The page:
Hogan Campaign Returned Developer’s Checks After Election Law Violation

The campaign of Gov. Lawrence J. Hogan Jr. (R) returned $31,000 in illegal contributions from a Montgomery County developer in November, newly released campaign finance records show.

The contributions violated a campaign finance law that went into effect in the most recent election cycle. The law closed the state’s so-called LLC loophole, preventing multiple corporate entities controlled by a single individual from each contributing to a political candidate.

In previous election cycles, multiple entities affiliated with one individual or corporation could each contribute to a single political candidate or political action committee – up to $6,000 per entity, the maximum contribution allowable to state and local candidates in Maryland.

The developer in question, Richard S. Cohen, the chairman of Willco, a major commercial real estate company based in Potomac, has been well known in political circles for using multiple corporate entities in previous elections to support his favored candidates. He tried to do the same for Hogan this election cycle but then realized he was violating the law.

Developer Richard S. Cohen

Thomas E. Kelso, chairman of Hogan’s reelection campaign, said Friday that when Willco’s entities first made the multiple contributions, the developer assured him that he had checked with a campaign finance expert to make sure the contributions were legal. Later, Kelso said, after consulting with another campaign finance expert, Cohen received contradictory advice and asked the Hogan campaign to refund the money.

“He asked us for the refund and we happily complied, because we absolutely wanted to comply 100 percent with the new law,” Kelso said.

Kelso, who was appointed chairman of the Maryland Stadium Authority by Hogan, said the campaign didn’t flag the contributions as improper because it was unclear what the ownership of each Cohen-affiliated entity was. The state puts the burden on the donor, not on the campaign, to ascertain that the law preventing contributions from multiple affiliated entities is being followed.

According to Hogan’s latest campaign finance statement, which covers activity from Nov. 14 to Jan. 9, refund checks were written to the following entities, all on Nov. 15:

**$4,000 to 12100 Nebel LP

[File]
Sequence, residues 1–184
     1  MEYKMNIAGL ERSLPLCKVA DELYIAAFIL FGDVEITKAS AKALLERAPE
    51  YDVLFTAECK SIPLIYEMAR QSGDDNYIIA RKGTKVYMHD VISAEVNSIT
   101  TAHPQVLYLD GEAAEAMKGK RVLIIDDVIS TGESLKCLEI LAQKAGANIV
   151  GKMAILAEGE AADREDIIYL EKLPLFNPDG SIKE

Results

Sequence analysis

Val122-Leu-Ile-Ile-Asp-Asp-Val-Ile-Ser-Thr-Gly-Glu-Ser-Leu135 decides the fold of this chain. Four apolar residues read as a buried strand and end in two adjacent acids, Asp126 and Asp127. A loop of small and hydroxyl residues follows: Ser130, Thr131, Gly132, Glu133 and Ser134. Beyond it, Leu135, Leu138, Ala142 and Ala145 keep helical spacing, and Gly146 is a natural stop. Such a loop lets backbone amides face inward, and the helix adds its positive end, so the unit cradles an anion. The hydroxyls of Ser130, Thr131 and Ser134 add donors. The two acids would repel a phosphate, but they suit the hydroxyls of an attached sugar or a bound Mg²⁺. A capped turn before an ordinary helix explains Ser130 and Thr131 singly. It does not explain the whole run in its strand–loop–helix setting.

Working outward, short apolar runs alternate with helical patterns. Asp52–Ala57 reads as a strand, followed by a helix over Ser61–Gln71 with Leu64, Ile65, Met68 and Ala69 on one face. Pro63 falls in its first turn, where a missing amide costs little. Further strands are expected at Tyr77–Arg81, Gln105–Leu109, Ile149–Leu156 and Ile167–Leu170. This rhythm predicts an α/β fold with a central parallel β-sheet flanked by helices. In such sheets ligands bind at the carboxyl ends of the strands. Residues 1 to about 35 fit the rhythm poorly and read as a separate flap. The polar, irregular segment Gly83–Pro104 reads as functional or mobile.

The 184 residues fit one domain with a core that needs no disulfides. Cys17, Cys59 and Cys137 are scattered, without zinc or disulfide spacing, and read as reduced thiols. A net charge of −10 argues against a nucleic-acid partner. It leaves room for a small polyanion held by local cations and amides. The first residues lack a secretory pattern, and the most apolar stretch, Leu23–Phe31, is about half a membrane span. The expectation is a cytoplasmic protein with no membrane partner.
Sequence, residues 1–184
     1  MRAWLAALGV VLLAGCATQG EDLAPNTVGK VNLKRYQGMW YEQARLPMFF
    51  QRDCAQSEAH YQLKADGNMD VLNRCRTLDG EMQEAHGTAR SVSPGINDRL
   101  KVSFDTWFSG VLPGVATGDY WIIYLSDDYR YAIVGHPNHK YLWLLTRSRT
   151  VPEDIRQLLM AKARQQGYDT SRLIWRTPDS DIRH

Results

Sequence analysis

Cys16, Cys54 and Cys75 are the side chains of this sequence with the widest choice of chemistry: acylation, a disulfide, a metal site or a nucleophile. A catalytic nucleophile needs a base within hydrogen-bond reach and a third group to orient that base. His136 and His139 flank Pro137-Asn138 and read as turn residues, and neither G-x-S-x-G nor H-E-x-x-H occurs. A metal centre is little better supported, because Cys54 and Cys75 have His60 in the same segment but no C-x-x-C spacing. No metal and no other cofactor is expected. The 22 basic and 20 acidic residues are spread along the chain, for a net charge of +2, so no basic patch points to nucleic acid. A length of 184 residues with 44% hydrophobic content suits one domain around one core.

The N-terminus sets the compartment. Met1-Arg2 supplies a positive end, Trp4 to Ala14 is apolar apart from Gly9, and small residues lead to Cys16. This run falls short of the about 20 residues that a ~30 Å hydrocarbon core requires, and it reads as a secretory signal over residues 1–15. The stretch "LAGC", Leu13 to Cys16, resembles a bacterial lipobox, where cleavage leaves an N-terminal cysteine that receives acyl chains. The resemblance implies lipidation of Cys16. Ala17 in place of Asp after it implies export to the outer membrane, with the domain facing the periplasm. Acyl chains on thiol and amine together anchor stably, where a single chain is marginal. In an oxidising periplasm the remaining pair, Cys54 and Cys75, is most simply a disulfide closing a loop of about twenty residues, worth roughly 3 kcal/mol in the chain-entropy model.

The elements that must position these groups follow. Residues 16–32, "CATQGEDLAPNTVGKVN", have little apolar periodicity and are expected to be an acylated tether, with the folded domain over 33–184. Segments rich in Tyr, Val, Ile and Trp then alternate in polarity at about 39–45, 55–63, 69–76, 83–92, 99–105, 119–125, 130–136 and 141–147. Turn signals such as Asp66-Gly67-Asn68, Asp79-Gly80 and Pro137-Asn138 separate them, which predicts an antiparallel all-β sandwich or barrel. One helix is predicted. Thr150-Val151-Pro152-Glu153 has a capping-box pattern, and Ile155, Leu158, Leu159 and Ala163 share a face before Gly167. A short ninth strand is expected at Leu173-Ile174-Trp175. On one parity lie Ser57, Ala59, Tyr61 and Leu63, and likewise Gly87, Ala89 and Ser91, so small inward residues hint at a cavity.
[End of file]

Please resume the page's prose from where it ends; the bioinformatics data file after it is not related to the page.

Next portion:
**$5,000 to 12100 Nebel LP

**$3,000 to 5161 River LP

**$4,000 to Nebel Center LP

**$5,000 to Nebel Center LP

**$5,000 to Roswil Inc.

**$2,000 to Willco Construction Co., Inc.

**$3,000 to WSC/6001 LLC MGT.

Every one of these corporate entities has the same address: 7811 Montrose Rd., Suite 200, in Potomac. And every entity reports some corporate connection to Cohen or Willco.

Cohen could not be reached for comment Friday. The Cohen family has been prominent in Washington, D.C., real estate for several decades, and Willco has office, industrial, retail and residential holdings through the D.C. region.

According to the Willco website, Cohen has led the company since 1973; one of his best-known projects was the restoration of the historic Mayflower Hotel on Connecticut Avenue in D.C. Family members have been potent political donors and philanthropists through the years.

It is not clear whether the company could be fined for campaign finance violations. Jared DeMarinis, director of candidacy and campaign finance at the Maryland State Board of Elections, did not respond to phone and email messages Friday.

Though Hogan is term limited, the governor’s campaign reported $376,743 on hand as of Jan. 9. He raised $29,385 in the latest reporting period, and paid out $321,055 — mostly for campaign staff salaries and consultants. He did contribute $6,000 to now-state Sen. Mary Beth Carozza (R-Lower Shore) on Dec. 3.

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Josh Kurtz
Co-founder and Editor Josh Kurtz is the leading chronicler of Maryland politics and government. He began covering the State House in 1995 for The Gazette newspapers, and has been writing about state and local politics ever since. He later became an editor at Roll Call, the Capitol Hill newspaper, and spent eight years at E&E News, an online subscription-only publisher of news websites covering energy and environmental issues. For seven of those years, he led a staff of 20 reporters at E&E Daily, which covers energy and environmental policy on Capitol Hill and in national politics. For 6 1/2 years he wrote a weekly column on state politics for Center Maryland and has written for several other Maryland publications as well. Kurtz has given speeches and appeared on TV and radio shows about Maryland politics through the years.

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